Cargo spaceship

Roscosmos, the Russian space agency, announced that the Progress M-27M spacecraft disintegrated in an uncontrolled reentry in the Earth’s atmosphere. Officially, the cargo space has ceased to exist at 02.04 UTC of Friday falling over the Pacific Ocean. It was the inevitable conclusion of a mission that started badly on April 28, 2015, with a serious problem that had caused the impossibility to take control of the Progress to send it to the International Space Station, where it was supposed to bring supplies.

The Progress M-27M cargo spacecraft blasting off atop a Soyuz 2-1A rocket (Photo courtesy TsENKI. All rights reserved)

Roscosmos, the Russian space agency, has officially given up hope of taking control of the Progress M-27M spacecraft. The attempts to contact it made on Tuesday and Wednesday had no success. Yesterday the docking to the ISS was called off and then the cargo spacecraft has been declared lost. The consequence is that it will fall into the atmosphere with no control disintegrating with all supplies it’s carrying.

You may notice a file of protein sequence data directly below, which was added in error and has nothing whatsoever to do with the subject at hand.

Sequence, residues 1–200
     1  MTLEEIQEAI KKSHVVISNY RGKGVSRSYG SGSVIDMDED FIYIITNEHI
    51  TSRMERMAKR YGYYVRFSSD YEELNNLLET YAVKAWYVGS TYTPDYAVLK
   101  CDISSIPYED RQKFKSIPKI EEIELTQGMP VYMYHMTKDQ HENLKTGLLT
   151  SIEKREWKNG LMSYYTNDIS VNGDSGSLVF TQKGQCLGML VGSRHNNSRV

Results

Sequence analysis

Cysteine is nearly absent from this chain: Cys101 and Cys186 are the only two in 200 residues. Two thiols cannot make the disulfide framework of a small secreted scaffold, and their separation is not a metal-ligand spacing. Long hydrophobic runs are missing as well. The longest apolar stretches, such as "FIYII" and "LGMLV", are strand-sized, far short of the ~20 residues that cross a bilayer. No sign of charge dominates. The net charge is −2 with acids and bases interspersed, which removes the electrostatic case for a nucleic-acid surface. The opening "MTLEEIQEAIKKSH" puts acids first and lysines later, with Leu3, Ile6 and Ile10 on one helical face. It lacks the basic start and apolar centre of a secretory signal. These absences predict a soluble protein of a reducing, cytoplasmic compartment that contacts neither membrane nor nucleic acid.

The SpaceX Dragon spacecraft at the beginning of its CRS-6 mission blasting off atop a Falcon 9 rocket (Photo NASA)

A few hours ago the SpaceX Dragon spacecraft blasted off on a Falcon 9 rocket from Cape Canaveral in its CRS-6 (Cargo Resupply Service 6) mission, also referred to as SPX-6. This is the 6th of 12 missions that for the Dragon spacecraft to the International Space Station with a cargo and its return to Earth, again with a cargo.

Artistic concept of the Jupiter space tug and the Exoliner cargo module with the service robotic arm near the International Space Station (Image courtesy Lockheed Martin. All rights reserved)

Lockheed Martin has announced plans of its own private spaceship that will be among the contenders for the next contract for cargo supply to the International Space Station for NASA called Commercial Resupply Services-2 (SRC-2). The company proposes a solution more sophisticated than its competitors’ because it’s not simply a cargo spaceship but a combination of a reusable space tug, called Jupiter, and a cargo module called Exoliner.